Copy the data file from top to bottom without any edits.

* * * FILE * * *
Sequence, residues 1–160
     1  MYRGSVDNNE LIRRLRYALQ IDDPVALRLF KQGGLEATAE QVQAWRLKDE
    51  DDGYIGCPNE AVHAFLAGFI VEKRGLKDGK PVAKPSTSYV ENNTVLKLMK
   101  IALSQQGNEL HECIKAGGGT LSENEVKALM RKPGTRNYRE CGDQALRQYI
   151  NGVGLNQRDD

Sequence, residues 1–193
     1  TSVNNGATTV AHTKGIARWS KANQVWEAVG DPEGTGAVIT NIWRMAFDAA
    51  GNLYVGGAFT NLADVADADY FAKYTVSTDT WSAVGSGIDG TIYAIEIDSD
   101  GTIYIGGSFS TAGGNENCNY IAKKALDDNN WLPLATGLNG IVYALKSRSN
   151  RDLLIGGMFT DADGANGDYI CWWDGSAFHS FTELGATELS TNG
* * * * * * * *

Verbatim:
Sequence, residues 1–160
     1  MYRGSVDNNE LIRRLRYALQ IDDPVALRLF KQGGLEATAE QVQAWRLKDE
    51  DDGYIGCPNE AVHAFLAGFI VEKRGLKDGK PVAKPSTSYV ENNTVLKLMK
   101  IALSQQGNEL HECIKAGGGT LSENEVKALM RKPGTRNYRE CGDQALRQYI
   151  NGVGLNQRDD

Sequence, residues 1–193
     1  TSVNNGATTV AHTKGIARWS KANQVWEAVG DPEGTGAVIT NIWRMAFDAA
    51  GNLYVGGAFT NLADVADADY FAKYTVSTDT WSAVGSGIDG TIYAIEIDSD
   101  GTIYIGGSFS TAGGNENCNY IAKKALDDNN WLPLATGLNG IVYALKSRSN
   151  RDLLIGGMFT DADGANGDYI CWWDGSAFHS FTELGATELS TNG